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A Study on Environmental Impacts of Combined Sewer Overflow in Japan

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The City of Nagoya and the Japan Institute of Wastewater Engineering Technology have been carrying out a joint study to quantitatively clarify the dispersion phenomena in the receiving waters into which pollutants included in Combined Sewer Overflow (CSO) are discharged and the impacts on receiving waters designated by combined sewer system improvement measures by researching a pollutant dispersion simulation model for fair current rivers and tidal rivers that receive discharged water and by applying this model to analyze the impact of CSO on receiving waters.

This report introduces the pollutant dispersion simulation model for tidal rivers, provides some examples, and results of the analysis done by using this model.

The concrete analysis results provided the following information.

The results of the monitoring survey and the analysis have shown that in areas that are affected by tides, the impact of CSO concentrates on the freshwater with a low chloride ion concentration (surface layer) wanes gradually.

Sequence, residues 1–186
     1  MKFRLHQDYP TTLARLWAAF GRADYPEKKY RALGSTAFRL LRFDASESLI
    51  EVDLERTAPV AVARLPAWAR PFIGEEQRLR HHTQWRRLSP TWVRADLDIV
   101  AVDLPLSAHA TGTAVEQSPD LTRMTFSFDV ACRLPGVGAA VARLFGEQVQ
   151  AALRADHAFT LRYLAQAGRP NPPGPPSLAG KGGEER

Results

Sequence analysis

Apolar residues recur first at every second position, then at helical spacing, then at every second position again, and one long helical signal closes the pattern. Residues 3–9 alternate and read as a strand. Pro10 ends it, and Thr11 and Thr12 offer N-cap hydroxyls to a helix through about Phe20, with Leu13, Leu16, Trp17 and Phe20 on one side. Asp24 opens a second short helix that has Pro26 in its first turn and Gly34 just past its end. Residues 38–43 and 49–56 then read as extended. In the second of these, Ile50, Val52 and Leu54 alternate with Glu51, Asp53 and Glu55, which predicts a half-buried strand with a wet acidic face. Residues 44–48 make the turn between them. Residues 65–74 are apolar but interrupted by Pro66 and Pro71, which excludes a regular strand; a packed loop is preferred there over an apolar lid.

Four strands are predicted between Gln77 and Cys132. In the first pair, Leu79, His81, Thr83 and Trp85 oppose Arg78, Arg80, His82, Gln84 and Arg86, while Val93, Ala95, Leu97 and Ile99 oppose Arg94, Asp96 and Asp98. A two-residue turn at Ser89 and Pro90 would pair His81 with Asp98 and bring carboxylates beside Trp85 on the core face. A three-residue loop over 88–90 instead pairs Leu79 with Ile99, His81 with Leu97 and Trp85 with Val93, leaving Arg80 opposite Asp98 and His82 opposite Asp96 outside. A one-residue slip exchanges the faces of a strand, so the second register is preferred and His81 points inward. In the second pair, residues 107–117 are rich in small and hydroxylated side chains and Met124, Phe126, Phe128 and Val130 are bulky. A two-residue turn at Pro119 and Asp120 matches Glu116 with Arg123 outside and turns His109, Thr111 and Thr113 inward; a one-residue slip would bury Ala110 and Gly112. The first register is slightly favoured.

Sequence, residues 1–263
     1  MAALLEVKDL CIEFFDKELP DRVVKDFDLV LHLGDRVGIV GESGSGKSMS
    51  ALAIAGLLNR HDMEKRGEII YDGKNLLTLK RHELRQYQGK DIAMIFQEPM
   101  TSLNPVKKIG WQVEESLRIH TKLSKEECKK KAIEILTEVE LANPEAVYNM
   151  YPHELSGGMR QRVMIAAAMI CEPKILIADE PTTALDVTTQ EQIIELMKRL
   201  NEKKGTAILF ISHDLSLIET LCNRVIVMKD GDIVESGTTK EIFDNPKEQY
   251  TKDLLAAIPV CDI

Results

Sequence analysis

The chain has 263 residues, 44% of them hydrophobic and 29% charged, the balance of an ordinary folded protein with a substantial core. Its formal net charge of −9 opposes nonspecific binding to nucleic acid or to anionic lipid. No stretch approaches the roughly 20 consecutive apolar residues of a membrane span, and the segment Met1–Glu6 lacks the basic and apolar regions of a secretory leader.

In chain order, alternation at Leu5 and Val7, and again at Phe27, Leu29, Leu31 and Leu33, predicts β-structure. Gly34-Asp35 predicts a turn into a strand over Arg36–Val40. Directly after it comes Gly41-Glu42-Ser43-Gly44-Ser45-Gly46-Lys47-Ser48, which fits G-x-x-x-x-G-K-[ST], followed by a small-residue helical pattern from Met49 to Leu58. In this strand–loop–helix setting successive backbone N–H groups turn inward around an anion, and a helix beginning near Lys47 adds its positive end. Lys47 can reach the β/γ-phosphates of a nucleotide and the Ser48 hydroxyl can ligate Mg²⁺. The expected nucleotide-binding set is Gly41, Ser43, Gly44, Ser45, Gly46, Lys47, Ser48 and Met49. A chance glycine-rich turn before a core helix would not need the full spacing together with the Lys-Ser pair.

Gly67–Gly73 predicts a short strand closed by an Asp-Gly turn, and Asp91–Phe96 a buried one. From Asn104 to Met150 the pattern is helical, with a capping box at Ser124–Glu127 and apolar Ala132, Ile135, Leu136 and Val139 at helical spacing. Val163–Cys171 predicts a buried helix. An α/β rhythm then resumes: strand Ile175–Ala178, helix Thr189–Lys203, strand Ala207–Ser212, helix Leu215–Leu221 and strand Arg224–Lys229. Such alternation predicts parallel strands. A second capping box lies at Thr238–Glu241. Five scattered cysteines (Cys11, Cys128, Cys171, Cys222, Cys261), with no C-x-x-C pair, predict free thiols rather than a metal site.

It was also confirmed that seawater areas with a high chloride ion concentration (lower layer) are resistant to the impact of CSO.


In regards to water quality items, the monitoring survey and analysis results showed that pathogenic microorganisms, such as E. coli in particular, tend to remain to affect the water quality of effluent streams for 48 hours after the end of CSO discharge. Also, a certain degree of reproducibility in the observed values and the analytic values was verified in each water quality item.


Based on these findings, it is concluded that this model is practical as a tool for analyzing the impact of CSO on receiving waters. In the future, the reproducibility of the pollutant load dispersion simulation model for pathogenic microorganisms such as T-N, T-S, E. coli and so on will be improved. This model will be used to analyze the river conditions impacted by CSO, and to research on the effectiveness of combined sewer system improvement measures.
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Document Type: Research Article

Publication date: 2005-01-01

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